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very rich clinical pipelines and thus to a fairly radical reversal in the scouting efforts of pharma. “Clinical proof-of-concept,” typically a phase 2a compound—that was the going refrain biotech heard over the last 3 years or so. But now, with their clinical pipelines filled, pharma increasingly (and eerily univocally!) calls for innovative, disruptive preclinical assets and bona fide product platforms. No surprise that this is leaving an increasing number of biotech CEOs and investors who have followed the “clinical-proof-of-concept” call scratch their heads.
—On the positive side, the healthcare industry has shown nimbleness in building and running new ventures. The quality bar for real differentiation and overall innovation has risen, and luckily, deal flow has not shrunken in view of those higher standards. There’s a steady stream of great ideas and fascinating science. Startup teams are much more attuned to cost efficiency and early go/no-go milestones. They have learned to engage and manage external resources delivering good quality results. Virtual or semi-virtual setups are becoming the norm for early startups rather than wet labs and expensive infrastructures.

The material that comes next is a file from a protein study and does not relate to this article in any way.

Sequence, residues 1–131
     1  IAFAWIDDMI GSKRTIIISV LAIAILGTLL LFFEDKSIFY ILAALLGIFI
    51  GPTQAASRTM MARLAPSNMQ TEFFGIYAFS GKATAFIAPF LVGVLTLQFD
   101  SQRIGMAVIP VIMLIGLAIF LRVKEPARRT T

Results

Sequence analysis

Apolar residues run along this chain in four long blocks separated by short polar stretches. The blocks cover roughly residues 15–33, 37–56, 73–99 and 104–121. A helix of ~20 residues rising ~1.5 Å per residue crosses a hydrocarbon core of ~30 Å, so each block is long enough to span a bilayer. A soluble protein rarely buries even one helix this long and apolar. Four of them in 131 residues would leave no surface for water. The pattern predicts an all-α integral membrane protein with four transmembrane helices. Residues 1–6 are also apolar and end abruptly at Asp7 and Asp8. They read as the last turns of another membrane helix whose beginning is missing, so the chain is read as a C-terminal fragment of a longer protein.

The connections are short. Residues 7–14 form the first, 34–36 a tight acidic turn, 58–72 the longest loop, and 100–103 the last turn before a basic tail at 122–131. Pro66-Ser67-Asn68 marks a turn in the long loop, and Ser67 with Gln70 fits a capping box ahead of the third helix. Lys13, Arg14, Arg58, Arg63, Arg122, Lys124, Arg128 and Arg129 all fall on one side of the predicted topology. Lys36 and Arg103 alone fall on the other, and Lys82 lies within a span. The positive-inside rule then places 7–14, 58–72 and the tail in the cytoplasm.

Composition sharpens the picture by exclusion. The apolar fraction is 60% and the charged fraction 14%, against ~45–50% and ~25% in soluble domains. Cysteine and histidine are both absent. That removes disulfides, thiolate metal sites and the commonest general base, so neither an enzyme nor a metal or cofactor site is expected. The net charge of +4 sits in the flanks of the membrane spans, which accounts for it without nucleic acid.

So, where does this new world leave venture investors like me? Between a rock and a hard place! I can see novel, potentially breakthrough science aplenty. I can find management teams who can stretch a dollar further than in the past. I have better and more open-minded access to therapeutic area leaders and decision makers in pharma. On the other hand, VC investors have large legacy portfolios of clinical-stage companies looking increasingly desperate for cash to continue development of their assets, or for M&A transactions which enable VCs to exit their investments. And that part has not become easier.